Oh, Deer! Sharing the Road with Critters

October 25, 2017

It may not be the most pleasant of topics, but it’s an important one to discuss.

(See the infographic instead)

The Washington State Department of Transportation reports nearly 3500 deer/elk-vehicle collisions annually – and almost half of those occur in October and November. Not only does it often result in the loss of the animal’s life, but it can also cause significant damage to vehicles and injury to driver and passengers. The best thing we can do is remain vigilant and prevent a collision, which is easier with these safety tips:

  • Deer are┬ámost active at dawn and dusk. Unfortunately, this is also when visibility tends to be the worst. Use your headlights even when it’s not “dark,” and on rural roads, use your brights; you’ll see the deer’s reflective eyes before you’d see the deer itself.
  • If you see one deer, slow down and keep an eye out for more. Deer are pack animals and, especially during fall and winter, rarely travel alone. Where there is one, there are likely more!
  • Avoid distractions like food/drink, cell phone (always!), or anything that takes your eyes off the road – the sooner you notice a deer, the easier it is to avoid it.
  • Always wear a seat belt!
  • Pay attention to what other drivers are doing. If the car in front of you brakes unexpectedly, they may see a critter that you don’t yet see. Proceed with caution and assess the situation before pulling around to pass them!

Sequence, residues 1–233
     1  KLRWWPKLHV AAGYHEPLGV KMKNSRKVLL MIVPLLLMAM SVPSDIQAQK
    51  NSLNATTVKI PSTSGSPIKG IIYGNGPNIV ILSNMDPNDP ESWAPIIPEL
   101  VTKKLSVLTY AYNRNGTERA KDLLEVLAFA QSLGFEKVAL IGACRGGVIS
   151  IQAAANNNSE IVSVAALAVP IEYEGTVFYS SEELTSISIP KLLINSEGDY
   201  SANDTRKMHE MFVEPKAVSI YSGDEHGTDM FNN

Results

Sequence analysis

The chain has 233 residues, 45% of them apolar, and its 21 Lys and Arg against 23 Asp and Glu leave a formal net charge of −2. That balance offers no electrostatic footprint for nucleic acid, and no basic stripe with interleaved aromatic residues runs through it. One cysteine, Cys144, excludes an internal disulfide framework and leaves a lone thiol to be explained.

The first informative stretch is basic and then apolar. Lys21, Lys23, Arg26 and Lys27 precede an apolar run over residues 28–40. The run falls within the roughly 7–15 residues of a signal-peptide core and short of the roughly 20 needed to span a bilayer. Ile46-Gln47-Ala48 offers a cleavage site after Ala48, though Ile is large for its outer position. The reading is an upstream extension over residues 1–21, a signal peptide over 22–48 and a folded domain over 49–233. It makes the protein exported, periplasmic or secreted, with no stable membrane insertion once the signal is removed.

• In the case that you do see a deer or other animal in the roadway, try a single solid blast of your car horn to spook it out of the way.

What happens if a collision is inevitable?

  • Do NOT swerve out of your lane! This is how the majority of severe driver/passenger injuries and fatalities occur – when you end up in an oncoming traffic lane or in a ditch. Keep both hands on the wheel and do your best to remain on your side of the road.
  • Brake firmly, but do not slam the brakes. You don’t want to lose control of the vehicle.
  • An urban myth says that you will fare better if you accelerate into the collision instead of slowing. This has been proven false!

After a collision:

  • Immediately move your vehicle to a safe place and turn on your hazard lights.
  • If there is serious damage to your vehicle or if anyone in the vehicle is injured, call 911. If not, call the non-emergency line at the Sheriff’s office (378-4151) to report the accident. This report will also come in handy if/when you file an insurance claim.
  • If it’s safe to do so, document damage to your vehicle. Take pictures of the vehicle and the roadway, and ensure that your vehicle is still safe to drive.
  • Don’t attempt to move the animal out of the roadway unless you are certain it is deceased. If it’s alive and injured, call Wolf Hollow Wildlife Rehabilitation Center at 378-5000.